|By Chris Togneri, The Pittsburgh
Tribune-ReviewMcClatchy-Tribune Regional News
Oct. 14, 2009--Developers presented their vision for an eco-friendly hotel and condominium complex atop Mt. Washington at a city Planning Commission meeting Tuesday.
Where today sits a crumbling concrete edifice at the corner of Grandview Avenue and Wyoming Street, Lawrenceville architect Luke Desmone hopes to build a 110- to 115-room hotel with 50 to 55 condominiums wrapping around the hillside below.
The hotel would be LEED-certified, meaning it meets standards for environmentally sustainable construction by the U.S. Green Building Council.
"It's our intention to clearly have the best hotel," Desmone said during the presentation. A public hearing is scheduled for Nov. 10.
Downtown attorney Kevin McKeegan, who represents the Grandview Project developers, said he will ask the commission for a zoning change that would allow for uniform commercial and residential use of the property, which consists of several tracts. He also will ask the commission to allow the hotel tower to exceed limits set for the neighborhood.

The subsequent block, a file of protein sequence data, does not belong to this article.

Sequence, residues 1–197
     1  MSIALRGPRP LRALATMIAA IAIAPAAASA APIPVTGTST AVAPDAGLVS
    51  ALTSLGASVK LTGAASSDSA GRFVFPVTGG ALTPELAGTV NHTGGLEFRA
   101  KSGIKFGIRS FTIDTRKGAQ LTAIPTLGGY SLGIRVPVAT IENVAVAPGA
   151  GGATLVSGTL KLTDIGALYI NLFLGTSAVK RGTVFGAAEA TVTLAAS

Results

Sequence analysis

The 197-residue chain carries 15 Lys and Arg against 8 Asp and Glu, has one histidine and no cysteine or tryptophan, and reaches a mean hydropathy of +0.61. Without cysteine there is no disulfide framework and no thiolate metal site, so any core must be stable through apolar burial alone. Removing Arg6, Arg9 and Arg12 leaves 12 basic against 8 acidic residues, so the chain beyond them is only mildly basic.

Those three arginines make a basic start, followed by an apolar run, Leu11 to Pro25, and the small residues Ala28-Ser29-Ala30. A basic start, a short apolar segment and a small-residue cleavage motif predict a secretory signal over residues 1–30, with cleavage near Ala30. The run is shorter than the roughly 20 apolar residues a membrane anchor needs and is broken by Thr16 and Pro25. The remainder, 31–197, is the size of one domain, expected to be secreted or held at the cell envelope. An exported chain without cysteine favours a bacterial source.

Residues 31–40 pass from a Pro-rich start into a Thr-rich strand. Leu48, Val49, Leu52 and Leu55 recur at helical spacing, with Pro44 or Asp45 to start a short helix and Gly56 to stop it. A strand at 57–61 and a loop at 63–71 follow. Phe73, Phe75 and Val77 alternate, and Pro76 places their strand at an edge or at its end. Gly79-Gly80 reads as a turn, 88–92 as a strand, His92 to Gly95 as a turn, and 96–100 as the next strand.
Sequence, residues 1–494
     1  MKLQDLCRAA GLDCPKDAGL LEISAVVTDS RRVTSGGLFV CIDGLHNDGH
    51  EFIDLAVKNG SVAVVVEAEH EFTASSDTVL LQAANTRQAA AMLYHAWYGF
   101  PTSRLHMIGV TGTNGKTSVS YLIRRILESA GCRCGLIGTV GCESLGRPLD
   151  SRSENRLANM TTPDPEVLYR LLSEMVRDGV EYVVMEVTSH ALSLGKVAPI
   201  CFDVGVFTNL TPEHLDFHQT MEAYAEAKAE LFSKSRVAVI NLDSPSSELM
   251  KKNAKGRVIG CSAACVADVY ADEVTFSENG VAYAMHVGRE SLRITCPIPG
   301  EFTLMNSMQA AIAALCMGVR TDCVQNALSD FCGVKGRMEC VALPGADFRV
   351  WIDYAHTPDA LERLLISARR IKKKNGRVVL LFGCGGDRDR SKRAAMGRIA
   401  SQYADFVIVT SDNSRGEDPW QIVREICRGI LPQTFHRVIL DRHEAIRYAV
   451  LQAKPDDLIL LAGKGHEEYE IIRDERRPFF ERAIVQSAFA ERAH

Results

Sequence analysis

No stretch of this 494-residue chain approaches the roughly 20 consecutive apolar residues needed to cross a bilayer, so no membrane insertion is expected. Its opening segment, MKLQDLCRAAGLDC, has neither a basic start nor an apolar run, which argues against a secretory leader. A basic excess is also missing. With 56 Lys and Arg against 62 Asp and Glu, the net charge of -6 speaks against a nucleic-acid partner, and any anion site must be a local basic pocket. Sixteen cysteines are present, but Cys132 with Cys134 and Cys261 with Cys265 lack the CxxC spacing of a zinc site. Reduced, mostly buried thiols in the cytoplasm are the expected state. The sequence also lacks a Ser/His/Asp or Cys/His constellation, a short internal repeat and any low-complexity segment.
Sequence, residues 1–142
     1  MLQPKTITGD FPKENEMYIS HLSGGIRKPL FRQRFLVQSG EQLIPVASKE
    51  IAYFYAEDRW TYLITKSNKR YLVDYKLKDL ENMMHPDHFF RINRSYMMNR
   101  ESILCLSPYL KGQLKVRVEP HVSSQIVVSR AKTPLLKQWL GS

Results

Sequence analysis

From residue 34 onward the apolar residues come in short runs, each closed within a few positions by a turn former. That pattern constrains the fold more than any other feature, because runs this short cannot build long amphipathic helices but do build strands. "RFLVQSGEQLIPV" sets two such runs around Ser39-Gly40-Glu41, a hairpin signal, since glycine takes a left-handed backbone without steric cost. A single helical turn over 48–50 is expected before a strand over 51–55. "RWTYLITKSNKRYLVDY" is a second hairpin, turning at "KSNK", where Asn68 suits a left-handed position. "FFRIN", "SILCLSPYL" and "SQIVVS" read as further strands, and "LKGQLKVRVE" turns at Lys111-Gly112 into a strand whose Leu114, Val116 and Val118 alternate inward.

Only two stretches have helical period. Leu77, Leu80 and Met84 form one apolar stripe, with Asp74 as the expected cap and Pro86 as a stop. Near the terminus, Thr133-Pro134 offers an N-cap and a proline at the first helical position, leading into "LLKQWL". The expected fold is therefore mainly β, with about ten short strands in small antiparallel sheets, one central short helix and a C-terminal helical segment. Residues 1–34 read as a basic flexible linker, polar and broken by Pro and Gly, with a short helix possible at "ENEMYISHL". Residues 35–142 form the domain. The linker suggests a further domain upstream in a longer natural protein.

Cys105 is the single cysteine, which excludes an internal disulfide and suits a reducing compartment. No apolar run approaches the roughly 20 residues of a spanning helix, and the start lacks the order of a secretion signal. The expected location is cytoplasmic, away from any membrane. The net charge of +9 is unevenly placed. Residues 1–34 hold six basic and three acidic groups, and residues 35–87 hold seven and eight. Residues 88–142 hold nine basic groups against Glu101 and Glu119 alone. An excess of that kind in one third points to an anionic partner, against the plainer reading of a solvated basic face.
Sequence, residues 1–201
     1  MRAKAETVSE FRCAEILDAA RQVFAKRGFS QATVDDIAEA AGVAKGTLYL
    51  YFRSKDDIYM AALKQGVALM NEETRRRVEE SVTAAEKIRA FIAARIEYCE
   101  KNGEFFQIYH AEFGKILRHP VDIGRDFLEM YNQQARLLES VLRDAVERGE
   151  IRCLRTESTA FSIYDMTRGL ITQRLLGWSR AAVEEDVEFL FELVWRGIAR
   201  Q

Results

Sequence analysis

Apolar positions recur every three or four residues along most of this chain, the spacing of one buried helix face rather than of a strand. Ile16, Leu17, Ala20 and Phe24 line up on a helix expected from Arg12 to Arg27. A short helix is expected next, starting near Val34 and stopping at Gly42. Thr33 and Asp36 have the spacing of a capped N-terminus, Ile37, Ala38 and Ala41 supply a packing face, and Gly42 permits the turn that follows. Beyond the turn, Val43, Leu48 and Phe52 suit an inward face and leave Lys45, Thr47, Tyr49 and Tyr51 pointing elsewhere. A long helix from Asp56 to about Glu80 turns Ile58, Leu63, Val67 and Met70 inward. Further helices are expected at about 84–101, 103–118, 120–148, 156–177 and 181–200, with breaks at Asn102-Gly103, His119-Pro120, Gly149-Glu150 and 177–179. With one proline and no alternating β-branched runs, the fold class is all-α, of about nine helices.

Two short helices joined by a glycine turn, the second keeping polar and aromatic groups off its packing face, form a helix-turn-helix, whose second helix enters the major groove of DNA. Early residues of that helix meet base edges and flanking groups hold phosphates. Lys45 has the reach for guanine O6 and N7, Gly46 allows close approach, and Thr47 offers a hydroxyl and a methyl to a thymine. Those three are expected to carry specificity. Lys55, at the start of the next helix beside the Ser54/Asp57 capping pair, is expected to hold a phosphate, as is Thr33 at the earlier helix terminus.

The sloping structure would peak at 20 stories. Neighboring buildings are 10 to 12 stories tall.
Developer Steven Beemsterboer said construction would take about two years and cost $80 million to $90 million.
Developers are in negotiations with a hotel operator. Desmone said they are targeting a "four- to five-star chain."
The property now is home to the long-vacant Edge Restaurant.
"It is an eyesore," McKeegan said during the presentation. "I think the community would agree, it's something that needs to go."
Plans call for a large public plaza next to the Monongahela Incline overlooking Downtown. A five-story parking garage would be built under the plaza and hotel. A public walking trail would encircle the project, and in a second phase of construction, a "Grand Staircase" would lead from Station Square to Grandview Avenue.
After Desmone finished his presentation, about 10 Mt. Washington residents in the audience applauded.
"There is widespread community support," said Chris Beichner, executive director of Mt. Washington Community Development Corp. "We think this could be the next iconic structure in Pittsburgh."
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